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USA TODAY

White Sox Talk Podcast: Michael Kopech tells all about his past, present and future

The White Sox top pitching prospect sits down with Chuck Garfien for a revealing interview at spring training. Kopech says he almost quit the game after he got into a fight with a Red Sox minor league teammate in 2016. He goes in-depth about his desire to be great, why meditating makes him a better pitcher, his failed PED test in 2015, comparisons to Justin Verlander, possibly becoming the future ace of the White Sox and much more.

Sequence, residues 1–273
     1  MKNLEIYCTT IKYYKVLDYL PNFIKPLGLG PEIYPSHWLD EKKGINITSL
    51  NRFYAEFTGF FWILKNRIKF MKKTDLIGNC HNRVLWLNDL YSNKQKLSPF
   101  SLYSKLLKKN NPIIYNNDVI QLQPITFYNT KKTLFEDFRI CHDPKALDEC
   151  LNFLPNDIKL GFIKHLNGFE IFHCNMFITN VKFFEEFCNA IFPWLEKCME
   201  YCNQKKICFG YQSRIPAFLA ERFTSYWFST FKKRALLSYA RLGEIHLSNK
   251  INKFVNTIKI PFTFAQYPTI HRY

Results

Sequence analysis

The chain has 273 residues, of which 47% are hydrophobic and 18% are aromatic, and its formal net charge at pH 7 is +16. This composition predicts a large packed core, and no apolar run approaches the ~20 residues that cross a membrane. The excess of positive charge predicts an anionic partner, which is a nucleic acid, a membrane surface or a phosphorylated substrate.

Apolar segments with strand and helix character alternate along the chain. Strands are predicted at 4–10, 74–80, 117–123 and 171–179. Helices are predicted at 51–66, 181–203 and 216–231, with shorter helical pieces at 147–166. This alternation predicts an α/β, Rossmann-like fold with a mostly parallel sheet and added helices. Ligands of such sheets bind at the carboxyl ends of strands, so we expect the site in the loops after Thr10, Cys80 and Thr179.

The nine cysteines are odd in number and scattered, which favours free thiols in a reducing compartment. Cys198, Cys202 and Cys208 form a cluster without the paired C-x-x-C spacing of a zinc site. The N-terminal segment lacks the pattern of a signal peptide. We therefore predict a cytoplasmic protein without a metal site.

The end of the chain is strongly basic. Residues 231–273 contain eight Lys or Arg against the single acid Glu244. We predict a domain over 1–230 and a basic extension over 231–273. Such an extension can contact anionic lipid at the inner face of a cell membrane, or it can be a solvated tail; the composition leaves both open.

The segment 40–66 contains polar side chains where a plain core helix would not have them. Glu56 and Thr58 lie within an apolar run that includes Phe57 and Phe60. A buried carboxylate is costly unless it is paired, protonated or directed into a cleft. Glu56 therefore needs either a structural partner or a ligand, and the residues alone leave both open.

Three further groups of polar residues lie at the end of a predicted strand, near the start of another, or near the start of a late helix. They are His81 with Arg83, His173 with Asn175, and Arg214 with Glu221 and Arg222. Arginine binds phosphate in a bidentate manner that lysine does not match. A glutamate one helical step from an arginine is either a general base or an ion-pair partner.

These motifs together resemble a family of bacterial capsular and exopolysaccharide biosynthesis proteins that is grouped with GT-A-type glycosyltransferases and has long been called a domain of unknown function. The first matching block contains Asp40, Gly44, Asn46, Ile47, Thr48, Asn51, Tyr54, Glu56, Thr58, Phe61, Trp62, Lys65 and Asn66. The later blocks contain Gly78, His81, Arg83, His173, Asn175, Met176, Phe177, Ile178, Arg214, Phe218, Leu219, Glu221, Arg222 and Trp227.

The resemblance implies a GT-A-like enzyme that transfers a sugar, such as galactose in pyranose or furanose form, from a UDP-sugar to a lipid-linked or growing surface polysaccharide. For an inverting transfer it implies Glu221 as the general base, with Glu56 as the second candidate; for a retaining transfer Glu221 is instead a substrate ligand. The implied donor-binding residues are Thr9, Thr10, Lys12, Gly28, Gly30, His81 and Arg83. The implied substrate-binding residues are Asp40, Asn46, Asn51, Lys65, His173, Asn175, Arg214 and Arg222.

Why Michael Kopech almost quit baseball: Revelations from the future White Sox star

Why Michael Kopech almost quit baseball: Revelations from the future White Sox star

GLENDALE, Ariz. — A failed PED test. A 50-game suspension. A fight with a former teammate. A broken pitching hand.

It all blew up like that for Michael Kopech in one calendar year.

And it was probably the best thing that ever happened to him.

“There have been points where I wanted to quit baseball. There have been points where I wanted to stop trying,” Kopech said Thursday in an exclusive interview with NBC Sports Chicago.

This was the breaking point that almost ended Kopech’s career before it truly began but would eventually change his life for the better once the storms passed.